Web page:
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Set a Boundary, Save a Relationship

One of the most crucial steps when beginning a partnership agreement, some scope of client services, even a marriage; is setting clear boundaries from the very beginning.

Unfortunately, setting boundaries is a step that’s all too often missed.
  • I thought we started this firm to sell sports cars, not sports coats
  • I thought you were going to deliver my widget on the 21st, not the 31st
  • I thought we were going to raise our kid as a Quaker
Setting boundaries lets everyone—you and the one(s) you’re dancing with—know the kind of dance you’ll be taking part in, the tempo, and when you’ll be finished.

It’s a terrible feeling to be expecting to waltz when your partner is expecting a tango. It’s even more disastrous and painful when you both start that dance and end up stepping all over each other’s feet and ankles.

Set boundaries at the beginning and then each time new information is thrown into the mix.

Some of these boundary conversations can be difficult but if you wait to have the conversation or don’t have one at all—the degree of difficulty for the road ahead becomes fraught with peril, hurt feelings, and broken relationships.

Dream Breakers vs Dream Makers

Dream Breaker Statement —> Dream Maker Statement
  • I can’t do this —> I’ll figure it out
  • I’m not enough —> I have everything inside of me
  • I’ll never figure it out —> I’ll ask the advice of someone who has “figured it out”
  • I’m no expert —> I’ll learn and create my own expertise
  • I’m sick and broken —> I am not my illness (and I will use this to help others)
  • I’m a little too young/old to do __ —> I’m exactly the age I should be to take on __
  • How could I make a difference? —> It takes a single spark to create an explosion
The dream breaker statements were taught to you by someone who had their own dreams broken by someone else or in part through an unfair system or chain of events. They don’t get a say in the fulfillment of your dreams any longer. %^* that. This is your time to shine.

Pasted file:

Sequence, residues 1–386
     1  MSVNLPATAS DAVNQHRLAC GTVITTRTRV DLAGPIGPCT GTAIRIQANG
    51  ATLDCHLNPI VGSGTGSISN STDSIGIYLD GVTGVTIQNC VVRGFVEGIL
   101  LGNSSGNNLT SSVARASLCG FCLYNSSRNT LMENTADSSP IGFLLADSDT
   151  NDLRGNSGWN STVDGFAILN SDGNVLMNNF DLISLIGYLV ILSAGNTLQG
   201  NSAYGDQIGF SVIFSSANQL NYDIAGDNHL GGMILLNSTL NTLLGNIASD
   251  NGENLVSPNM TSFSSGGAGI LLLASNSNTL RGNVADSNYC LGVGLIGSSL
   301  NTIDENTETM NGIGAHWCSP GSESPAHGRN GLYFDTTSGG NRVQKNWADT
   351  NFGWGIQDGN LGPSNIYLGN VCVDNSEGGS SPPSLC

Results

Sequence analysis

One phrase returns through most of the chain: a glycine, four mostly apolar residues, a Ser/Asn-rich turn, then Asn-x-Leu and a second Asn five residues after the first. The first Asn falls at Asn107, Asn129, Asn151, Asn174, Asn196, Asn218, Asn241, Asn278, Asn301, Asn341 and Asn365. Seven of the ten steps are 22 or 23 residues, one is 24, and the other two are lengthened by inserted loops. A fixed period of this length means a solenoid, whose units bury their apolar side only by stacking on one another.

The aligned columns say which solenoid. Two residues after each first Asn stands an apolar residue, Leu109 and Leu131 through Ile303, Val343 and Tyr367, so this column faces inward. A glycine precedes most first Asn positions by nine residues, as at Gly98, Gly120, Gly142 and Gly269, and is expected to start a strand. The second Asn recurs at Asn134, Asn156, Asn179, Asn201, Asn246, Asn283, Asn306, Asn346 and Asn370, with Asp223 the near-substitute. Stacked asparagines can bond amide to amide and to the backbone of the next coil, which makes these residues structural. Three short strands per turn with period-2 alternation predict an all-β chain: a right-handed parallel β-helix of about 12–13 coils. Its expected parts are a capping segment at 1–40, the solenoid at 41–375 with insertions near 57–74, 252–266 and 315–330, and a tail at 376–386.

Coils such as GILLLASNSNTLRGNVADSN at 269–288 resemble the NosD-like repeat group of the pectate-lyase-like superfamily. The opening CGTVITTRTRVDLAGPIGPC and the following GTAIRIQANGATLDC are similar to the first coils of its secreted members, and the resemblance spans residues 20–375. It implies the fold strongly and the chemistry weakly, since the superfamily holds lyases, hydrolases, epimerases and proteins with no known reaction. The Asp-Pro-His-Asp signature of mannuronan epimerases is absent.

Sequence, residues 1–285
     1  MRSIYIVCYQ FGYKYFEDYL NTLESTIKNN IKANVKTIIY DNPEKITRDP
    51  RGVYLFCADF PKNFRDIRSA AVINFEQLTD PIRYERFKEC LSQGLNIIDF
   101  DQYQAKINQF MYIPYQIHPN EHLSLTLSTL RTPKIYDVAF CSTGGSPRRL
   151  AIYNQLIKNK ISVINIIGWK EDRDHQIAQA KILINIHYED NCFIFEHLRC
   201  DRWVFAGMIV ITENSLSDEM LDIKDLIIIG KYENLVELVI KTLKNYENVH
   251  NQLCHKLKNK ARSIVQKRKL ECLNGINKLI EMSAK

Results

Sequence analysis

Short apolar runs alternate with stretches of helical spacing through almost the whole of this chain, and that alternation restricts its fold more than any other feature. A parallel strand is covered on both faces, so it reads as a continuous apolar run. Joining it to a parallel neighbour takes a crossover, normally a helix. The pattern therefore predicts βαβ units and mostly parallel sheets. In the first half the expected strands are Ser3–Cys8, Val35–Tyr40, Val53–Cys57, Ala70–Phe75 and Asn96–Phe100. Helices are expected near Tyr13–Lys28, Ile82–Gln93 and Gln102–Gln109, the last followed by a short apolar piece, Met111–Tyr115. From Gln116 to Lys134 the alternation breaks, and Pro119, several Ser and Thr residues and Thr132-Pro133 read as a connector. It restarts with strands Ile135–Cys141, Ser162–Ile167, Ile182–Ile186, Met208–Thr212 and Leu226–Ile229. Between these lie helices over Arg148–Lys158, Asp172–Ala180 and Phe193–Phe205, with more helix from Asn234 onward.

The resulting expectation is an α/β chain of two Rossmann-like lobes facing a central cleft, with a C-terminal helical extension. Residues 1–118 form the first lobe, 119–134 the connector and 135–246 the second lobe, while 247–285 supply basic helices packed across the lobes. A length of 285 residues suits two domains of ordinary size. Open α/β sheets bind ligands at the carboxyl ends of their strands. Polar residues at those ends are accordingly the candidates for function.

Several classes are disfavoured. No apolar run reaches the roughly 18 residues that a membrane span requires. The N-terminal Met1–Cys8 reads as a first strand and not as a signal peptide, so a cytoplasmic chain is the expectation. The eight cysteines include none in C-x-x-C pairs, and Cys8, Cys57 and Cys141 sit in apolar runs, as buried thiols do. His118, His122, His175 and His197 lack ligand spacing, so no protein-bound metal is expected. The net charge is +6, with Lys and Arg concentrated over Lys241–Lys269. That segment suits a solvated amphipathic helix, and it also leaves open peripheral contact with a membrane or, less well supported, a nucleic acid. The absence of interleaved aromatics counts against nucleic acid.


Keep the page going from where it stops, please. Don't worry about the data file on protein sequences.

It’ll take time to unlearn those dream breaker statements, but it can be done. It’s never too late and it’s never useful to look back at all the “wasted” time. The important thing is the future, moving forward, and making dream maker statements followed by action.

When A Story Changed the World

Charles Darwin
Helen of Troy
King Tutankhamun
Martin Luther King, Jr.
Marie Curie
King Henry VIII
Joan of Arc
Nelson Mandela
Mohandas Ghandi

The list of people above have all had a story that has impacted the landscape of humanity as we currently know it. They are all people who have done some extraordinary things, some good, some not so good—but it’s the story they decided to share and live that impacted the world.

Stories and storytelling can change lives, help someone in need, start a movement, and can even change someone’s world

I have fifty stories—they’re not my own, but come from fifty different people who have faced tremendous odds, found a way to overcome, and decided to use themselves as an example to help others create possibilities in their own world. These fifty stories will be compiled together in a new book The i’Mpossible Project: Reengaging With Life, Creating a New You

Me (Josh) and Skookum Hill Publishing are officially releasing this book and these fifty stories on January 13, 2016. You can pre-order on September 16, 2015 and get a whole bunch of free books and other stuff too.

Oh, and you’re the first people seeing the book cover (below) which was just finished 2 days ago. Many thanks and thanks for your story as well.

Making the Right Decision

Making big decisions are damn difficult: am I being a good parent or doing it right? Did I say the right thing to her? Am I mortgaging my future for instant gratification?

Dagnabbit. What’s a person to do?

On a personal note, I’ve been working on a big creative project, a book, for more than a year. As with any creative project I’ve put my heart, soul, and lots of emotion into the work.
Only recently have I been kicking the tires on selling the project to a publisher—and I’ve been getting nowhere fast but have been learning a great deal. I decided to get a little professional critique from a consultant to see if there’s another direction I should be going in with the art and the sales pitch. I paid a pretty penny and got good advice.